In this sense, the liberal arts are not only a field of knowledge per se, but they also become a skillset, an artificial faculty of the mind in the same way that surgeons, carpenters, and drivers become skilled at their trades, masters of their craft if you will.
The idea of liberal arts in this sense is remarkable because they are more than a field of study, and more than a craft or trade exercised for the benefit of others. In this sense, they create a set of tools in the mind that are exercised toward wisdom, and exercised for the benefit of acquiring that knowledge that makes people free to create meaningful and purposeful lives.
He planes a board, cooks a meal, or crafts a horseshoe. Similarly, the fine artist writes a song, crafts a poem, or paints a picture for others to enjoy.
The imagination of the fine artist is transmitted through his hands, his pen, or his instrument out into the world as ‘a thing of beauty and a joy forever,’ to quote Keats.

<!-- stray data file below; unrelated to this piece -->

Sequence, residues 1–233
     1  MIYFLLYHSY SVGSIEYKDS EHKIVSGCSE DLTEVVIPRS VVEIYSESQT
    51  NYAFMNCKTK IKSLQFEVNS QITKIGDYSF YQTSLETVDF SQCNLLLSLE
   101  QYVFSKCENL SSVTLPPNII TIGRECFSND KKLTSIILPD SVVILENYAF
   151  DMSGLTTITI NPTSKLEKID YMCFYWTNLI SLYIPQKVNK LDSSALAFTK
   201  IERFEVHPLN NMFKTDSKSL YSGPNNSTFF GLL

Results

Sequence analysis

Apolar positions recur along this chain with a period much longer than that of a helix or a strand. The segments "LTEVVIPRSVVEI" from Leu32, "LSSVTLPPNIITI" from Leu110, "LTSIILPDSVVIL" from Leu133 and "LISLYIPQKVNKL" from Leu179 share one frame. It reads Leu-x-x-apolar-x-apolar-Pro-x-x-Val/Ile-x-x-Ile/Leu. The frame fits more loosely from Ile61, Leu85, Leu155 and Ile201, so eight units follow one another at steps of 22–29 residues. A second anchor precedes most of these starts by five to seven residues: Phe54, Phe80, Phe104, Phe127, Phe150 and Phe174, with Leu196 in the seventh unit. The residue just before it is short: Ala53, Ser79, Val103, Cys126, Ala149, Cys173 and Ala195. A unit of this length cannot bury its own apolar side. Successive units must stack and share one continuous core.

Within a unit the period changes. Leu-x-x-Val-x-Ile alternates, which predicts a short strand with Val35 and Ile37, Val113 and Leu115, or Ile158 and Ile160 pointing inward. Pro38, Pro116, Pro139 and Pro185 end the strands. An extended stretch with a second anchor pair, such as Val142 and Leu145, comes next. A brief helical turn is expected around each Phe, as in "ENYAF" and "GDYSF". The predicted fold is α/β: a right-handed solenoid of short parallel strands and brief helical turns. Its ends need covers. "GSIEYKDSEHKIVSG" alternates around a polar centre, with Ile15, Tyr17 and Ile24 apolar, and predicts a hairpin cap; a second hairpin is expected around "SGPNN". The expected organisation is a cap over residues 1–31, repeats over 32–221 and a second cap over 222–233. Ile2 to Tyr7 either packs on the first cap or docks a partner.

The liberal artist, on the other hand, also develops his skill and craftsmanship by study and practice, but what he produces returns upon him—at least initially. Unlike the fine or servile artists, the liberal artist’s activity is intransitive, and its benefit, intrinsic.
Like a rose, the liberal artist blooms. Like a rose that absorbs the nutrients, the water, and the light, and grows thereby, and is ultimately perfected by blooming, is also perfected by the enlargement and blossoming of his soul and imagination via the assimilation and cultivation of wisdom and virtue.
Additionally, recognizing that the primary benefit of the art of the servile or fine artist is produced for others, one must also recognize there is, secondarily, some intrinsic benefit to their work as well. There is typically some great personal joy and satisfaction in the completion of one’s work.
Inversely, while the primary benefit of the liberal arts is intrinsic, there is a secondary benefit in that the pleasure and wisdom gained from one’s study and practice generally has a positive effect on others in contact with the liberal artist. Said another way, if oneself is blooming with the wisdom of the ages, the opulent fragrances of truth and wisdom will be readily enjoyed by all who stop to smell the roses.
This refined definition not only clarifies what it is, but also implies how it is to be obtained. Stated another way, a liberal arts education is to be obtained through a body of knowledge by exercising and ordering the mind in that body of knowledge to the end one might know the truth of things so he or she can be virtuous by thinking, speaking, and acting wisely.